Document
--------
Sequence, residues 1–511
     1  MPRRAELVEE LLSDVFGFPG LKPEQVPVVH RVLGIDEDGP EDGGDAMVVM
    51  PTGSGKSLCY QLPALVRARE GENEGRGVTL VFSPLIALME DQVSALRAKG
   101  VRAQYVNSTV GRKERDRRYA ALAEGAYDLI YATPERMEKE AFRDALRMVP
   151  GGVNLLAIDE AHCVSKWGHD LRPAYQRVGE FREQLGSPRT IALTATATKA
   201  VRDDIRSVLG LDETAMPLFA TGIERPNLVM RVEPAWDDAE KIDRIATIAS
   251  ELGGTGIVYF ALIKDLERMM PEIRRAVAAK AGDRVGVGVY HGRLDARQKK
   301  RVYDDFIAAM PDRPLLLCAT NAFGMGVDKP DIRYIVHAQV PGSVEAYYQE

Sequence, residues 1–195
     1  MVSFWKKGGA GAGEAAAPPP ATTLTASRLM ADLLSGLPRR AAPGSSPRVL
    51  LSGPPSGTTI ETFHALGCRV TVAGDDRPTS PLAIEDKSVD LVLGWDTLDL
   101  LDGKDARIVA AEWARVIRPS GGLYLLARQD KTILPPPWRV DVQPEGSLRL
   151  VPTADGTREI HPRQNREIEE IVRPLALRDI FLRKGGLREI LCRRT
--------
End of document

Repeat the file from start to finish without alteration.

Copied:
Sequence, residues 1–511
     1  MPRRAELVEE LLSDVFGFPG LKPEQVPVVH RVLGIDEDGP EDGGDAMVVM
    51  PTGSGKSLCY QLPALVRARE GENEGRGVTL VFSPLIALME DQVSALRAKG
   101  VRAQYVNSTV GRKERDRRYA ALAEGAYDLI YATPERMEKE AFRDALRMVP
   151  GGVNLLAIDE AHCVSKWGHD LRPAYQRVGE FREQLGSPRT IALTATATKA
   201  VRDDIRSVLG LDETAMPLFA TGIERPNLVM RVEPAWDDAE KIDRIATIAS
   251  ELGGTGIVYF ALIKDLERMM PEIRRAVAAK AGDRVGVGVY HGRLDARQKK
   301  RVYDDFIAAM PDRPLLLCAT NAFGMGVDKP DIRYIVHAQV PGSVEAYYQE

Sequence, residues 1–195
     1  MVSFWKKGGA GAGEAAAPPP ATTLTASRLM ADLLSGLPRR AAPGSSPRVL
    51  LSGPPSGTTI ETFHALGCRV TVAGDDRPTS PLAIEDKSVD LVLGWDTLDL
   101  LDGKDARIVA AEWARVIRPS GGLYLLARQD KTILPPPWRV DVQPEGSLRL
   151  VPTADGTREI HPRQNREIEE IVRPLALRDI FLRKGGLREI LCRRT